So, I, I gave my books quite esoteric names, you know, it was very much like, oh, what’s the book about, rather than what’s going to sell. I feel like I’ve learned a great deal over the years and I’m in a, you know, very privileged position really to be able to make decisions like that about my books. Now as an indie author, I can just change the names and relaunch them. So that’s why I’m doing this year I have this big project on to rerelease all of those books with new titles and new covers.
There’s a you know, an awful lot of theming around equality and diversity and standing up for what’s right. So, yeah, I think there’s a certain amount of how I see the world that makes its way into my books. Definitely.
Howard: Holly is using her success as an indie author to help other writers succeed too.
Holly: I began podcasting last year with my business partner, Angeline Trevena, we decided that there wasn’t really an event in the UK that was really aimed at indie authors. There are so many for traditionally published authors, we felt there was a gap there, so we decided to fill it. So, we’re hosting our first event. It’s called “Indie Fire”, on the 30th of May, and it’s a full day of panel discussions and workshop sessions aimed at you Independent authors.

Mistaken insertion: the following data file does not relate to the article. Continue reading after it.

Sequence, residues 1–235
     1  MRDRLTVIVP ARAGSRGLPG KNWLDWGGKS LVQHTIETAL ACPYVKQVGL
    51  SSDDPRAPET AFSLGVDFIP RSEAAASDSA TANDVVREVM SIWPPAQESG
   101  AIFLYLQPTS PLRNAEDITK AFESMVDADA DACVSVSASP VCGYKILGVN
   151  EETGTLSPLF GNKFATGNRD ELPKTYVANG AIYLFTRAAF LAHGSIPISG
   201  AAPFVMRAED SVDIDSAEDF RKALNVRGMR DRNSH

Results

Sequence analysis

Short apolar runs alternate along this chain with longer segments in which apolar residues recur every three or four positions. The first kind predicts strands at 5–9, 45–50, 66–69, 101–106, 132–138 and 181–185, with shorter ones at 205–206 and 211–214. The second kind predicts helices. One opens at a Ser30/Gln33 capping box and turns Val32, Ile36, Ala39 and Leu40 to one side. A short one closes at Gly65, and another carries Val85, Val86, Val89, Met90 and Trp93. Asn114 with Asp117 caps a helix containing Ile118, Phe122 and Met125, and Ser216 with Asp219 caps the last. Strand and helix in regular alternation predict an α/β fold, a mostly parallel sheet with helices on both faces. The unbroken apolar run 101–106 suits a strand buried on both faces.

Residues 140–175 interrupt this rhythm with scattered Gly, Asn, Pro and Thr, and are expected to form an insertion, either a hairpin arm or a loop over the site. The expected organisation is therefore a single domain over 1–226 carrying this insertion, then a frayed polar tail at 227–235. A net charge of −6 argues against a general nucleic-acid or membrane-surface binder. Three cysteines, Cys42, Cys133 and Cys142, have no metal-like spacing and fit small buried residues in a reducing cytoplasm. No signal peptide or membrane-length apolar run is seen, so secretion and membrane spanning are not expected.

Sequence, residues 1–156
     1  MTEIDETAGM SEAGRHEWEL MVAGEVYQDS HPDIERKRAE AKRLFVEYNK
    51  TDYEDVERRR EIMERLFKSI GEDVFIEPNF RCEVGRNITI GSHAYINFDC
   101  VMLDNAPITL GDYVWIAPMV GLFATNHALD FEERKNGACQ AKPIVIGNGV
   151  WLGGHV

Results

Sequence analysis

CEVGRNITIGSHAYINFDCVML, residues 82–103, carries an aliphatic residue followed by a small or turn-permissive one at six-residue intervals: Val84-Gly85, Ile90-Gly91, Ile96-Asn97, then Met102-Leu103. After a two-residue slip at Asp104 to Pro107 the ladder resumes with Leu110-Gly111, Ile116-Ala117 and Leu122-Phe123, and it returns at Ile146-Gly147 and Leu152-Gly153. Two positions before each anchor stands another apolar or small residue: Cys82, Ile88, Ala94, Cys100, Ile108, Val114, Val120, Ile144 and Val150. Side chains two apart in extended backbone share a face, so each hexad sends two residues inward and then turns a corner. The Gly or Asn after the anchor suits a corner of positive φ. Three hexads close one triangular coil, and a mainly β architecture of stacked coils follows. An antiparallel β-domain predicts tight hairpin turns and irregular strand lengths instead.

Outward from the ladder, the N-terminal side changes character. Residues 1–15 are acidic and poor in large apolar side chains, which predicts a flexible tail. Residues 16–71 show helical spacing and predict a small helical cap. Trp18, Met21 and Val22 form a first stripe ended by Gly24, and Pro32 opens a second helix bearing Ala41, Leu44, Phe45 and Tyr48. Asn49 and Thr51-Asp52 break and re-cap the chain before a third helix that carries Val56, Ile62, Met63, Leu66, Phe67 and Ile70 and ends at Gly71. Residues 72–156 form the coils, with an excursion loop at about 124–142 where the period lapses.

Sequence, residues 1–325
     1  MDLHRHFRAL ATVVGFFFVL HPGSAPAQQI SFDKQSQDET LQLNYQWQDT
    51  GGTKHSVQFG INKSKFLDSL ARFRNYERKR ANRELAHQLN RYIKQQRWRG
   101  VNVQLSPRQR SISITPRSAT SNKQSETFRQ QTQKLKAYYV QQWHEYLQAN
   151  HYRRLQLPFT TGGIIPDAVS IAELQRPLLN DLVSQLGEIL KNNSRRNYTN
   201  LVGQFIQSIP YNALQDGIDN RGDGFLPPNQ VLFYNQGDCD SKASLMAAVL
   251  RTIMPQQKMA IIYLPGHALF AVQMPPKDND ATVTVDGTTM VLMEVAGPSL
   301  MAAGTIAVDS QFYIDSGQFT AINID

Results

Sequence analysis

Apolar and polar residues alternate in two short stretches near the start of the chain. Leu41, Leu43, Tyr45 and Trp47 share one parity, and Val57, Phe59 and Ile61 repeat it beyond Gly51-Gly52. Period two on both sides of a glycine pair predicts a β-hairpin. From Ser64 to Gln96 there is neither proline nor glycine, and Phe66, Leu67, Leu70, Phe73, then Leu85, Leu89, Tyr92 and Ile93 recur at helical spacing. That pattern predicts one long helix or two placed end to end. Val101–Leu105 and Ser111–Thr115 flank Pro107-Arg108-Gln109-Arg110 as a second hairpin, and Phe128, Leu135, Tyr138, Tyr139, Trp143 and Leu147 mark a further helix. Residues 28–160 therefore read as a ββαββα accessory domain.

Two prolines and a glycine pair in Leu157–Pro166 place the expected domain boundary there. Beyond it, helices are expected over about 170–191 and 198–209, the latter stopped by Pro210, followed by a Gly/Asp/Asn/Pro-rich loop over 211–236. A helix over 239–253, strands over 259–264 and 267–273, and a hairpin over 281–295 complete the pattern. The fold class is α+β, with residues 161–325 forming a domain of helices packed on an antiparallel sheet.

So, we’ve got workshops on, you know, improving your prose, writing better working with an editor, how to make a living as an independent author and we’ve got panel discussions on like time management and process. And we’re going to be recording a, an episode of our podcast, which is The Unstoppable Authors Podcast, with a live audience, which is really exciting.
Howard: To Holly Lyne, indie publishing isn’t just about writing books. It’s part of a lifestyle that she desires at is independent, and free.
Holly: To me, it’s about having freedom. That’s kind of my core value. It’s what I’m always striving for in all areas of my life and I really want to get to a place where I’m financially free and location free where I can travel the world and, and keep working, keep writing, I have educate my kids. And it’s really important to me to show them a good example of a way that you can live your life that is free and full of the things that you love. So, I try to model that.
Yeah, the events are about connecting this life can be, you know, as a writer can be very isolating, and it’s very much a solitary profession, despite the fact that we do also work with editors and cover designers and so on. We do spend a lot of time alone. So being able to connect with other authors and to learn from each other and help each other to lift each other up, I think is a big part of why I’m indie and why I value what we do.